What is an 'Overdraft Cap'

Under the daylight overdraft system, banks can overdraw their accounts with the Federal Reserve in order to make Fedwire payments to other financial institutions. However, by the end of the day, banks must make sure that their Federal Reserve accounts aren’t overdrawn. The overdraft cap is the maximum dollar limit that a bank may overdraw its Federal Reserve account in order to make payments via this system. The overdraft cap limits the amount that banks will send via the Fedwire network. This cap limits a bank's daylight-overdraft exposure. The overdraft cap is also known as the net debit cap.

BREAKING DOWN 'Overdraft Cap'

For example, Bank X has $100 million in assets and a Federal Reserve obligation to hold 10 percent, or $10 million, in its Federal Reserve account. However, one day, Bank X needs to fulfill $10.5 million in withdrawals; it doesn’t have enough money in its Federal Reserve account to meet this requirement. So, it transfers out an overdraft of half a million dollars, but has an obligation to repay this money by the end of the day. This is allowable as long as Bank X’s overdraft cap is at least half a million dollars.

Overdraft Cap Categories

The overdraft cap varies from one bank to another. It is a multiple of each bank's risk-based capital. The cap applies not only between banks but also between banks, brokerage firms and credit unions, as well as other financial institutions. The Federal Reserve recognizes six overdraft cap categories:

  • Zero
  • Exempt-from-filing
  • De minimis
  • Average
  • Above average
  • High

Overdraft caps are set for a period of one year.

Zero Cap

Zero caps are assigned to institutions that are considered especially weak, don’t have access to the discount window, or are incurring daylight overdrafts that don’t align with Federal Reserve policy. These institutions are considered to pose the most risk to the Reserve Bank.

Exempt-From-Filing Cap

Institutions in this cap category may incur daylight overdrafts of up to $10 million or 20 percent of their capital, whichever is lesser. Most institutions are in this category. In order to be eligible for the exempt-from-filing cap category, the institution must be financially healthy and minimize its reliance on the daylight overdraft credit.

De Minimis Cap

Institutions in this category may incur daylight overdrafts of up to 40 percent of their capital. The institution must submit a yearly board of directors resolution approving use of the daylight overdraft to this extent.

Self-Assessed Cap

Institutions in the average, above average, and high cap categories are self-assessed. They may incur overdrafts of more than 40 percent of their capital, but must also fulfill large self-assessment burdens, including self-assessments of creditworthiness, customer credit policies and controls and intraday funds management and control.

  1. Daylight Overdraft

    A daylight overdraft is when a bank withdraws more money than ...
  2. Overdraft Protection

    Overdraft protection is a fund transfer or loan that banks offer ...
  3. Uncommitted Facility

    An uncommitted facility is an agreement where the lender agrees ...
  4. Capped Rate

    A capped rate is an interest rate that is allowed to fluctuate, ...
  5. Evergreen Loan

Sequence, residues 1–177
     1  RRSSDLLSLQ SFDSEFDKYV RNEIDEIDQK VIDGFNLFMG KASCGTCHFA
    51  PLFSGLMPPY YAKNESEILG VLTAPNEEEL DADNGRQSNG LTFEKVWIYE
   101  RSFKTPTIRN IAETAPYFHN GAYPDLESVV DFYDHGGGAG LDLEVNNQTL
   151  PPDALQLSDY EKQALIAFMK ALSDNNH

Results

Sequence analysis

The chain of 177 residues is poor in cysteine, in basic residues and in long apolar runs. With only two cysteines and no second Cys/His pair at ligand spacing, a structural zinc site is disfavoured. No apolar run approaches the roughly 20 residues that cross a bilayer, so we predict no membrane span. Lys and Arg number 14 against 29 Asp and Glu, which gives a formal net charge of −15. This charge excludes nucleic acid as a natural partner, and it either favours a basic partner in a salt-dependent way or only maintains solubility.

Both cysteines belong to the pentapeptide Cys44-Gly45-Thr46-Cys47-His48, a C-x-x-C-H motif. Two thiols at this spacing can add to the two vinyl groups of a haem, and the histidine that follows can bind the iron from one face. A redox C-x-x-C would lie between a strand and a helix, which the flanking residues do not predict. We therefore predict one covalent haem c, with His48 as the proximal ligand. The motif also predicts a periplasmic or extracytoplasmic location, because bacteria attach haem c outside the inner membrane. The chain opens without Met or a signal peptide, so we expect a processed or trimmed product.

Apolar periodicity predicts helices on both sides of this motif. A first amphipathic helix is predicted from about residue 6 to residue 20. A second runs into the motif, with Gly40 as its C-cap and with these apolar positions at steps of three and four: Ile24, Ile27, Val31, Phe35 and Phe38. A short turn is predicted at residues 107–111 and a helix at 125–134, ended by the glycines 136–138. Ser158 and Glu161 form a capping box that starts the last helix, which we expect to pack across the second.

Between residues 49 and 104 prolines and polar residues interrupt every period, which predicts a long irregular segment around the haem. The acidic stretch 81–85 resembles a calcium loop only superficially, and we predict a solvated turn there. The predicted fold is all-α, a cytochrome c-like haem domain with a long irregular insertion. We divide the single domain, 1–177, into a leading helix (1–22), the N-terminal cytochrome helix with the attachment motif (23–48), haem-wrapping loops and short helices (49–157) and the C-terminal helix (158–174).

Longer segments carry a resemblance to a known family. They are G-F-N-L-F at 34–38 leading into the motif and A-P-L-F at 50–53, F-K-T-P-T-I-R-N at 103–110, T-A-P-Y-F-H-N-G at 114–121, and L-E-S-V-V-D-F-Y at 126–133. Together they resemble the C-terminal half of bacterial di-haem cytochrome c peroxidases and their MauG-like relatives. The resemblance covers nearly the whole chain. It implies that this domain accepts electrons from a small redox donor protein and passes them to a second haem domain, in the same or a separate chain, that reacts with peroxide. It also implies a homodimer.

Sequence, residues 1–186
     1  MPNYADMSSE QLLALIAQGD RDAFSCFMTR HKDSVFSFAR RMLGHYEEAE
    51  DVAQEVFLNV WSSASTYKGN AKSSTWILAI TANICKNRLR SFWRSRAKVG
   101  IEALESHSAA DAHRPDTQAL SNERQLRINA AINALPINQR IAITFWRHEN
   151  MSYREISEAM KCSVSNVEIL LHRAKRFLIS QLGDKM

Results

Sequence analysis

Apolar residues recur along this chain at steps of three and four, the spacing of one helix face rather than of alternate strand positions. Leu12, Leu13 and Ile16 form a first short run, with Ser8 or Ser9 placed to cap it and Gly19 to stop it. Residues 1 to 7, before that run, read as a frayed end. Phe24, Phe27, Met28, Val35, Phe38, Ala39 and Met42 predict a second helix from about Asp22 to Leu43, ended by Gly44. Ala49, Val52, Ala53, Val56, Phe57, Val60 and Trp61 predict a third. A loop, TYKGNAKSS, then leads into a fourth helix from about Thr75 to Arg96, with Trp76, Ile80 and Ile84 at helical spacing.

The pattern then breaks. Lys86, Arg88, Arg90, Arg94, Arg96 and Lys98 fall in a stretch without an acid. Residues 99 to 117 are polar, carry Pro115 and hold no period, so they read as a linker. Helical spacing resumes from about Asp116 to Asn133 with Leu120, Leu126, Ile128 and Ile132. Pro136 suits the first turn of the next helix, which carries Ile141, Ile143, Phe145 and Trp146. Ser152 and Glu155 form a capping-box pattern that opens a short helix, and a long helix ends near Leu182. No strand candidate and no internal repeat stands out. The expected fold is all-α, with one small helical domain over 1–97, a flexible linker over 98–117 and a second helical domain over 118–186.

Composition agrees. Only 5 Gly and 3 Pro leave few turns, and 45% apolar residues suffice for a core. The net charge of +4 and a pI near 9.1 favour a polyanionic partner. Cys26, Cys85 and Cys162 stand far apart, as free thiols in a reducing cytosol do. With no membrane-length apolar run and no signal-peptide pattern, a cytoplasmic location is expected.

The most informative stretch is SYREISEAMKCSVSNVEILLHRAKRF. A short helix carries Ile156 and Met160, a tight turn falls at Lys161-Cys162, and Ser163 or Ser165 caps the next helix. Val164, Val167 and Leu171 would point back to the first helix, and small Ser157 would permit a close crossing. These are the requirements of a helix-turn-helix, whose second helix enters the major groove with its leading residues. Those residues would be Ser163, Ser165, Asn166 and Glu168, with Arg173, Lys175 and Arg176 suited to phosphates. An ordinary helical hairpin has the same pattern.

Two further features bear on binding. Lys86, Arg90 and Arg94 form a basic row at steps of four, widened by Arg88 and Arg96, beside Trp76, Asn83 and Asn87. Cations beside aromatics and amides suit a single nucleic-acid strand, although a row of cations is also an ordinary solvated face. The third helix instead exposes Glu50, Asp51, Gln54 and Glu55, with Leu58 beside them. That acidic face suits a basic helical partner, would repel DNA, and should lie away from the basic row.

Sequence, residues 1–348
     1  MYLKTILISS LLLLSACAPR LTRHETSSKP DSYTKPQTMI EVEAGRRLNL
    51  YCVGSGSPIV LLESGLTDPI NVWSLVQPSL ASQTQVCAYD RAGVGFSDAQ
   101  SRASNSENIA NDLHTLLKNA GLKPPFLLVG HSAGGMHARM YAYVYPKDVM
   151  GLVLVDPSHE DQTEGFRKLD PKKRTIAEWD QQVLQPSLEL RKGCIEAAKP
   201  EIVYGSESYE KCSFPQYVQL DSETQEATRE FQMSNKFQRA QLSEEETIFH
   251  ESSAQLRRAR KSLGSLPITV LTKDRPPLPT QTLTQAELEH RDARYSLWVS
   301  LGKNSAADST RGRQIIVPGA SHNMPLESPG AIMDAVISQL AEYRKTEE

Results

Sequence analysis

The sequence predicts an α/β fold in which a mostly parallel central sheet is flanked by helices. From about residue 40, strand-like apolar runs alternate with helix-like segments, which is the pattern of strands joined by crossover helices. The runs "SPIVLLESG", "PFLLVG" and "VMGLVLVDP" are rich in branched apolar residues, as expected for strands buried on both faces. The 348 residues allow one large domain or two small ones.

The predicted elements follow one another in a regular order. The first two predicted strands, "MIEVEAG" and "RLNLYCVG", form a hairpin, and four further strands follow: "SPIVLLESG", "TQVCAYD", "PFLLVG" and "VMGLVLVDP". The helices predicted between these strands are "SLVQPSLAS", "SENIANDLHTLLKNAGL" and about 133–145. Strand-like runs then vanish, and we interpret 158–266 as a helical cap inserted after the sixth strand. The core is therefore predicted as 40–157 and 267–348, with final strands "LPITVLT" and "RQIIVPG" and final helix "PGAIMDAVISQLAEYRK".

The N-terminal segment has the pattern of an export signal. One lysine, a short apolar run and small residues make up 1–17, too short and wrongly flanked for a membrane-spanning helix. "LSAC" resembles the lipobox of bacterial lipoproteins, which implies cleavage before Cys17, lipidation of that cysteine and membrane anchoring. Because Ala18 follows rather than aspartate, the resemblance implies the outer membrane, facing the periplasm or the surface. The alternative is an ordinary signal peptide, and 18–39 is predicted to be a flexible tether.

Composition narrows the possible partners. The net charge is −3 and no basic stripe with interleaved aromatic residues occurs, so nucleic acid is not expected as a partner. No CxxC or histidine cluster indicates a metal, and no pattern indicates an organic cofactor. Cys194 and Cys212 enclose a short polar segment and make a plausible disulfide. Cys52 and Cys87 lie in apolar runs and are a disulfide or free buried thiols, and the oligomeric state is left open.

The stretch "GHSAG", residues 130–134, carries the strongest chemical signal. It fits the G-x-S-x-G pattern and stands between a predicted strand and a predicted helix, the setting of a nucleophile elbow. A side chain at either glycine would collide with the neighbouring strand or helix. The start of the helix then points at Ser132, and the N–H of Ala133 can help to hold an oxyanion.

An evergreen loan is a loan that does not require the principal ...
  6. Locally-Capped Contract

    A locally-capped contract is a structured investment product ...
Related Articles
  1. Personal Finance

    Bank Overdraft Changes: What You Need To Know

    New laws to protect consumers should be in place by the summer. Find out what will change and how it could affect you.
  2. IPF - Banking

    When Good People Write Bad Checks

    Overdraft protection can help when you overestimate your balance, but it will cost you.
  3. Personal Finance

    Top Checking Accounts With No Overdraft Fees

    Choosing the right checking account could save you hundreds of dollars in fees every year.
  4. Personal Finance

    5 Bank Fees You May Not Know About

    Banking regulations have recently changed and fees are following suit.
  5. IPF - Banking

    The Most Costly Banking Mistakes You Can Make

    With changing and increasing fees, it can be difficult to avoid bank charges, but investing time in finding out what your bank charges, and when, can help you save money.
  6. Investing

    1Q Small Cap Earnings Preview: The Tide Has Turned

    Earnings growth for small caps should trail large caps badly in the first quarter.
  7. Investing

    What's a Small Cap Stock?

    The “cap” in small cap stocks refers to a company’s capitalization as determined by the total market value of its publicly traded shares. Small cap stocks are generally defined as the stock of ...
  8. Investing

    Small-cap, mid-cap, and large-cap stocks: A 2016 comparison

    Find out what to happened with small-cap, mid-cap, and large-cap stocks in 2016 – and learn why it is important to diversify between all three.
  9. Small Business

    Capitalization Rate

    Capitalization Rate is a financial term most commonly used in the real estate investment industry. It is often simply called the Cap Rate.
  1. Can a checking account go negative?

    Find out about negative checking account balances and their ramifications. Read Answer >>
  2. How do mortgage lenders check and verify bank statements?

    Find out how mortgage companies verify your bank statements for mortgage approval. The lender sends a form to your bank requesting ... Read Answer >>
  3. How long does it take a check to clear?

    It usually takes two days for a check to clear, but in some cases it may take longer. Discover how banks treat large deposits ... Read Answer >>
Trading Center